"I think we're going to have a little levelling off and finish the year at six per cent, but it'll still be a very good year in terms of number of sales."
Meanwhile, the president of the Toronto Real Estate Board (TREB) says the first six months of 2005 have performed as predicted in terms of housing prices and number of sales, and he expects similar results for the next half of the year.
Ron Abraham says he foresees average housing prices in the $330,000 range this year, as predicted by Canada Mortgage and Housing Corp. (CMHC).
"We've had a great first half and I'm expecting more of the same (for the last half)," he says. "And I say that because I don't see the same potential problems that we faced in the early '90s with the bubble bursting, because we haven't got the same kind of ingredients in the mix."
High employment levels, good jobs and low interest rates are all factors making real estate more affordable, Abraham adds.
"The demographics are out there - there are a lot of young people moving into homes, and generally the overall economic climate is still very good."
In Ottawa, however, the number of units sold slipped during the first five months of the year compared with the same period in 2004, the Ottawa Real Estate Board reports.
The OREB says that 5,664 single-detached homes and condominiums were sold to the end of May, a 6.4-per-cent drop from 2004 when 6,054 units changed hands.
The average house price in Ottawa rose to $244,798 in the first five months of the year from $236,214 in the same period last year - a jump of 3.6 per cent. To the end of May 2005, real estate sales in the nation's capital totalled $1.39 billion.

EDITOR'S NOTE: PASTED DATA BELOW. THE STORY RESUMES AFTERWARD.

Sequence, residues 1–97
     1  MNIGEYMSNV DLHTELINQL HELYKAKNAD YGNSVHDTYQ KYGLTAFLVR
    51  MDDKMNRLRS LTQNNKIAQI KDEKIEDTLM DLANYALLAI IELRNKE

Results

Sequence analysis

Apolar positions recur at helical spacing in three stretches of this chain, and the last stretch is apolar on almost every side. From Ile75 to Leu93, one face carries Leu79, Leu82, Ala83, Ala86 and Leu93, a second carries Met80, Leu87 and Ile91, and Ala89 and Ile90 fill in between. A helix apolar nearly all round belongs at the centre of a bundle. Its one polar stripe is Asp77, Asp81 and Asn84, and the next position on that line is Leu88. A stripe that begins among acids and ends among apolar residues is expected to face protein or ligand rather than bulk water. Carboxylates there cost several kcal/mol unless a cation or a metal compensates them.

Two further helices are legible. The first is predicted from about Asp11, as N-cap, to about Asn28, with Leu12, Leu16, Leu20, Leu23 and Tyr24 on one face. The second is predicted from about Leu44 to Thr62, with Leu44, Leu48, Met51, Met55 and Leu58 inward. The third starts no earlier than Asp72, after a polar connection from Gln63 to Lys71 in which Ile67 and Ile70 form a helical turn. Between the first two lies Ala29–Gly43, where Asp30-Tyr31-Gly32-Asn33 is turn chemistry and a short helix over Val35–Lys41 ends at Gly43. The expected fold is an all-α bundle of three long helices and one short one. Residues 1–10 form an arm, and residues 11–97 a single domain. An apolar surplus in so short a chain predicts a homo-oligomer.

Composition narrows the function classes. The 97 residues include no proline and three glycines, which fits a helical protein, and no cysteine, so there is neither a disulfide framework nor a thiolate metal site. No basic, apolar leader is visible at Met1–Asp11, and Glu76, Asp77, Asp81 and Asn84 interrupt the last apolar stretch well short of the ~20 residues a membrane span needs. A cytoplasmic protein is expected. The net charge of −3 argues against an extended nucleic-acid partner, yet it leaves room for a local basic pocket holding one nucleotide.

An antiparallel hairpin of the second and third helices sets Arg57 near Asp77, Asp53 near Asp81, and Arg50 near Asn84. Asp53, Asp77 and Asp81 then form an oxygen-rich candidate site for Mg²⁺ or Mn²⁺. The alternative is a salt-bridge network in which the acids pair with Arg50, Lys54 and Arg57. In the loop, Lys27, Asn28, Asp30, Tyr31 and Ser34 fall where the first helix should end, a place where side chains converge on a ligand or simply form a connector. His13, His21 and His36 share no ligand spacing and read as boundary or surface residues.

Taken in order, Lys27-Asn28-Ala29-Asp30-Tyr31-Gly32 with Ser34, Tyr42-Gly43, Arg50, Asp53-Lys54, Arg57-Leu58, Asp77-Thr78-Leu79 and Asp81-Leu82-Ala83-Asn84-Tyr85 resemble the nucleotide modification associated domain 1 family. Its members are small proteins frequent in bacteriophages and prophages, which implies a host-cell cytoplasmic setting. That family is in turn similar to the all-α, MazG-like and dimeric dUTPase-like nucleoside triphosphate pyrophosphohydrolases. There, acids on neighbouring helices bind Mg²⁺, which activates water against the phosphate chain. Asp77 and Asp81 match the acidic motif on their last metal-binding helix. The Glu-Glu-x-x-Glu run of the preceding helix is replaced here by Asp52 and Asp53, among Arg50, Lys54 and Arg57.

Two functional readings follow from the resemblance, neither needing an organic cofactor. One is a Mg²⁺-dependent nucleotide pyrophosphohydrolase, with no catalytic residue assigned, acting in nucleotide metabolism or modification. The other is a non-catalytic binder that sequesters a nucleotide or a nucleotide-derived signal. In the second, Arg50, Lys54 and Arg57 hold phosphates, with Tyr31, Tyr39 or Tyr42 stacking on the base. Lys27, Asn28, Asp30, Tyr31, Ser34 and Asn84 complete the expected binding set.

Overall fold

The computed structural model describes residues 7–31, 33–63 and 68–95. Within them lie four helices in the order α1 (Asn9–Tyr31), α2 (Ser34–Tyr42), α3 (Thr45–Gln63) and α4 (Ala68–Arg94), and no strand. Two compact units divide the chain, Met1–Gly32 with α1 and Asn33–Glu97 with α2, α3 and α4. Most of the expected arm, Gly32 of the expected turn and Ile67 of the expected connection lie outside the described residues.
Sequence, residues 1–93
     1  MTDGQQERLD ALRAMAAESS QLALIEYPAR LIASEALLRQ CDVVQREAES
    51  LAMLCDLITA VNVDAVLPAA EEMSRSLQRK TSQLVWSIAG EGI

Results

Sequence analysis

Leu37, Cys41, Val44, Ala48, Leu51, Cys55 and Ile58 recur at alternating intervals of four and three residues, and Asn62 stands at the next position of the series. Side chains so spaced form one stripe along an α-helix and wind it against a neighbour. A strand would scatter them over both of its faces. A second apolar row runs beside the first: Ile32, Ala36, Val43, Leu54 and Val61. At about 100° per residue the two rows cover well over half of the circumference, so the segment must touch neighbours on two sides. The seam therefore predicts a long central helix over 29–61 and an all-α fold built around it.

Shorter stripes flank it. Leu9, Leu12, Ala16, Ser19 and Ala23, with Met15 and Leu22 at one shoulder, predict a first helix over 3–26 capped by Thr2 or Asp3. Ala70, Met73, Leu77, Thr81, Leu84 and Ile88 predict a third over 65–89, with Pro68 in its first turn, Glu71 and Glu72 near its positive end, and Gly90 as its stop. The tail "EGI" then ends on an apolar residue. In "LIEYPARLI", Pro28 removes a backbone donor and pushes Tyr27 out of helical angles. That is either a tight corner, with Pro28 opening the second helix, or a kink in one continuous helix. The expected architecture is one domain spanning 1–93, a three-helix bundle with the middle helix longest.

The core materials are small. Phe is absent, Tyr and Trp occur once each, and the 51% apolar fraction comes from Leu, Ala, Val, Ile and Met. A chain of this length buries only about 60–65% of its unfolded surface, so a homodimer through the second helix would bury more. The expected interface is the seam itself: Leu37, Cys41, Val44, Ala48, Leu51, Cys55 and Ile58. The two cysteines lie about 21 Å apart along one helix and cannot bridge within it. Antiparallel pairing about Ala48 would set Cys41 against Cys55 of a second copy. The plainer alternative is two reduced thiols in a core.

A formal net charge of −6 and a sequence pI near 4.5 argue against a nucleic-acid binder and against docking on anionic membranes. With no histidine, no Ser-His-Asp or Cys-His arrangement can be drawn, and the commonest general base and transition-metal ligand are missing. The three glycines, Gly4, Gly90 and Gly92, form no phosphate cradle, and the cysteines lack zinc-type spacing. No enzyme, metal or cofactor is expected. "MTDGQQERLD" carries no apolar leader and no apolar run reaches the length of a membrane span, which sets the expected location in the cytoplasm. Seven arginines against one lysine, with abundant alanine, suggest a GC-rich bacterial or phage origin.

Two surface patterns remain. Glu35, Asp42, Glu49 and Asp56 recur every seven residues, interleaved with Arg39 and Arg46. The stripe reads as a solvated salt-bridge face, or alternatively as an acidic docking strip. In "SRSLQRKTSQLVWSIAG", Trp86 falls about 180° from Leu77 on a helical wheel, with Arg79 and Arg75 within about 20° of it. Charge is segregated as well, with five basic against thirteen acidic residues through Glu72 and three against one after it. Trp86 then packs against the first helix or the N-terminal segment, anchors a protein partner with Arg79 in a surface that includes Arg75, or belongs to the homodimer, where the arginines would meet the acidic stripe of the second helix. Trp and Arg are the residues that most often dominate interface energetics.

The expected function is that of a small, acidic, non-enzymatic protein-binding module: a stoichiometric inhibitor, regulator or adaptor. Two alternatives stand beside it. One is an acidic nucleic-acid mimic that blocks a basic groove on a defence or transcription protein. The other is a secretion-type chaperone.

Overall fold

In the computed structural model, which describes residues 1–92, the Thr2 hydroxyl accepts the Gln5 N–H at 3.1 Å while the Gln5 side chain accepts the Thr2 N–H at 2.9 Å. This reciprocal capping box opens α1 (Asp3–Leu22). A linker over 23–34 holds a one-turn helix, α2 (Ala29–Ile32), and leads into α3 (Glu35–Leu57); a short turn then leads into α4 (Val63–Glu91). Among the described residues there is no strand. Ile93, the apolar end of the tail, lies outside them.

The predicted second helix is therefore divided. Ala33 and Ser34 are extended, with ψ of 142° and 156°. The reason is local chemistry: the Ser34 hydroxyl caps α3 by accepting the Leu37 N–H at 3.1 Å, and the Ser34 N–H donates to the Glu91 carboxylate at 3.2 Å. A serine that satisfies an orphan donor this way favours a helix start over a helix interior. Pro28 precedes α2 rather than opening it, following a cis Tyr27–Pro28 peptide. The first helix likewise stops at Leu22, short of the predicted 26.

REIN's Campbell says real estate investors in Ontario will find their best value outside Toronto, in areas such as Hamilton, Kitchener-Waterloo and Barrie-Orillia.
"All those cities ... made a concerted effort to increase not only the population but the job base, and that's a substantial thing to look at."
Buoying Canada's market are interest rates, but also greater confidence in the real estate sector.
According to the latest Ipsos-Reid Economic Confidence Index, 15 per cent of Canadians say they are likely to purchase a new or another home immediately - seven per cent said they were "very likely" - while just 17 per cent of Canadians are worried about either themselves or someone in their household losing their jobs.
Investment dollars have been flowing to other areas of the economy, too.
The Toronto Stock Exchange - which last month stepped across the 10,000 basis-point mark for a few moments, its highest level ever - and other stock markets have rebounded following the dot-com bust earlier this decade.